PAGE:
Tag: Jim Gray

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How much did LeBron really have to do with “The Decision?”


“The Decision,” the now-infamous telecast that featured LeBron telling the world he was “taking his talents to South Beach,” made LeBron one of the most hated athletes in America. But did LeBron really deserve the blame for what turned into an hour-long fiasco for his image? Earlier today Deadspin’s Emma Carmichael, drawing on an excerpt from an upcoming book about ESPN, pointed out that LeBron may have been nothing more than a participant in something that was engineered by others:

[Jim] Gray was using Carter for access to his client, who in turn was using Emanuel for access and logistics. Emanuel was using both to get close to a superstar athlete and, as the Los Angeles Times put it, “poke a finger in the eye of a rival agency,” Creative Artists Agency (which counts LeBron as a client.)…

Gray complained that ESPN tried to wrestle some creative control of the idea he came up with away from him, and ESPN Executive VP of content John Skipper called the deal “his fault,” saying “I put it together, and then I turned it over and let those other guys execute it.”

The entire “Decision” fiasco was the result of a ludicrous political game involving Jim Gray, ESPN, Maverick Carter (who, to be fair, LeBron hand-picked to run the business side of his life), and Ari Emmanuel. But as Carmichael astutely notes, LeBron himself seems to actually have had very little to with the decisions that led to “The Decision”:

Maybe the most remarkable part of the section is that LeBron James, the man who was thrown in the stocks for the crime of committing bad television, is hardly mentioned at all. He was a prop in a pressed shirt. Gray’s job was to smile and nod on camera as the two orchestrators stood off-stage, as ESPN began its rapid retreat from the wreckage, and as we all watched in pathetic outrage. LeBron became the villain for something that, in the book’s telling, the suits had perpetrated. It was never his Decision to make.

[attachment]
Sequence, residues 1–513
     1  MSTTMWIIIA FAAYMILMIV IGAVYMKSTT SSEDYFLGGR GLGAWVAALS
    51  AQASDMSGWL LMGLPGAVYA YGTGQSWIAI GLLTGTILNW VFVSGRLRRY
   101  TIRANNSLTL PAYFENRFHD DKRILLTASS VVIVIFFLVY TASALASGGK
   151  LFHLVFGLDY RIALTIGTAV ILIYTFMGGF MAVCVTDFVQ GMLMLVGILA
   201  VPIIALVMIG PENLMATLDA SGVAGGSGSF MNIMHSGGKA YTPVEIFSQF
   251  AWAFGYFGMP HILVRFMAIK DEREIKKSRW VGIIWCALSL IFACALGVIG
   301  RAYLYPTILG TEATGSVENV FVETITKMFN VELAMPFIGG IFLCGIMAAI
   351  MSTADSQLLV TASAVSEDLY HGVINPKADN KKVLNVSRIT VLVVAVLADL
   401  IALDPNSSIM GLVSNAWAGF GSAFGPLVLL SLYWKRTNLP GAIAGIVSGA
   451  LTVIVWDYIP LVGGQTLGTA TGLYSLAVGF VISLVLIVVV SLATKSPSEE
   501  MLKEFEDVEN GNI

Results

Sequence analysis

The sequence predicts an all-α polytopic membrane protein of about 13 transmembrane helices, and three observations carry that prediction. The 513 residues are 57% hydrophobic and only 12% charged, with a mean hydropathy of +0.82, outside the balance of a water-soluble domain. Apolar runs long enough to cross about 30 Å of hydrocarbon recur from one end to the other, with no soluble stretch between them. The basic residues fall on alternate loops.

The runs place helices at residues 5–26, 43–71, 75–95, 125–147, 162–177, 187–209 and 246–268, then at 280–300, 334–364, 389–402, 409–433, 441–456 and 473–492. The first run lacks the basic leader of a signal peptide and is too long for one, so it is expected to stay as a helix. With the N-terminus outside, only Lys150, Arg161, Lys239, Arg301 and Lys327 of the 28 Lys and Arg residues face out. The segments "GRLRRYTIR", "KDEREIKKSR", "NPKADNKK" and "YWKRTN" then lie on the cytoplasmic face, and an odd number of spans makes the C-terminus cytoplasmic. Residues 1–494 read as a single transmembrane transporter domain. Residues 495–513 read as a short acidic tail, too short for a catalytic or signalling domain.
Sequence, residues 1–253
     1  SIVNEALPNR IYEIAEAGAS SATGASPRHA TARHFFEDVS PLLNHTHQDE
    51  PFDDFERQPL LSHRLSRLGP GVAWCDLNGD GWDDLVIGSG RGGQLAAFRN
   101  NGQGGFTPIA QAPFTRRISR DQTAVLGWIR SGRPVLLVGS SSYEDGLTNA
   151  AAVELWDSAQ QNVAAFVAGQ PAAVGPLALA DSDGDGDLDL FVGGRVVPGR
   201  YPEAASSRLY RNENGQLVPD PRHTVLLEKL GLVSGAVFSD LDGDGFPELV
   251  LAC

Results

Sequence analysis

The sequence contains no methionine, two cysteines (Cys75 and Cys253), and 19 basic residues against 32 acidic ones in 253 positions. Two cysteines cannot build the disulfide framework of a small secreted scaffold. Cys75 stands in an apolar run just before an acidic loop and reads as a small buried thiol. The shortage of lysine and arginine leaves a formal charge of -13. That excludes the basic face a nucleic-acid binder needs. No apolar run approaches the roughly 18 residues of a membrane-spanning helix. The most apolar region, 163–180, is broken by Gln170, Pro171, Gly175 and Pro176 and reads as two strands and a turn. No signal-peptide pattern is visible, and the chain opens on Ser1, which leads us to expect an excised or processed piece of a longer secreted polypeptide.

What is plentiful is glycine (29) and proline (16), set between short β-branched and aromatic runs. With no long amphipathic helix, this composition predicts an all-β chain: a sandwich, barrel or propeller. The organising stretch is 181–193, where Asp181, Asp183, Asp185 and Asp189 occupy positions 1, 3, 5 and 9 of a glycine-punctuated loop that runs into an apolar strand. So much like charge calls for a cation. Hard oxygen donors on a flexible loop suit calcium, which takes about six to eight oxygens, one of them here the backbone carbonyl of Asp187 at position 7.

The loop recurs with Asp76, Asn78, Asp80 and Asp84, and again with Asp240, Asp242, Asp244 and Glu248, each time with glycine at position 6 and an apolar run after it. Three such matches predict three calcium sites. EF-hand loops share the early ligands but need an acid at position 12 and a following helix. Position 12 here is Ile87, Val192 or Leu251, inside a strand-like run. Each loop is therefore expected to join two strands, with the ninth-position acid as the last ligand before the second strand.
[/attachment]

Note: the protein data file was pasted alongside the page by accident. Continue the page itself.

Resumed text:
“The Decision” will follow LeBron around for the rest of his career, fairly or unfairly, and we don’t know how it will ultimately effect his image and legacy. All we really know is this: LeBron is seven wins away from making “The Decision” and the resulting fallout a much smaller part of his public image than it is now.

Complain about LeBron infomercial all you want, you still tuned in to watch


lebron_decision.jpgMedia is the ultimate democracy in our profit driven world. We know exactly how many people come to this blog every day and what you read. Same with every other Web site out there. Same with television.

Don’t like something, ignore it and it goes away. If you can’t deliver viewers to advertisers, if people don’t watch, you’re gone. It’s about profit and your eyeballs are the vote.

So keep venting all you want today about “LeBron James: The Decision” and how awkward it felt, how Jim Gray was paid by LeBron’s people, How James said things like “One thing you can’t control is you never know” all you want. Bottom line, it worked.

ESPN got a 7.3 rating for the show. That was ESPN’s best non-NFL number of 2010. It is what NBA playoff conference finals draw (the NBA Finals this year were higher). It’s a bigger ratings number than LeBron got when he was in the finals.

You voted. You watched. Vitaminwater and Nike and the University of Phoenix got a lot of publicity before a lot of people.

It could have been handled far more smoothly, no doubt. It will be next time. Because with the ratings success of this you can bet there will be a next time.
ossible rookie of the year.

Maybe that is Turner. Maybe he just has to adjust and he will be fine. But it bears watching.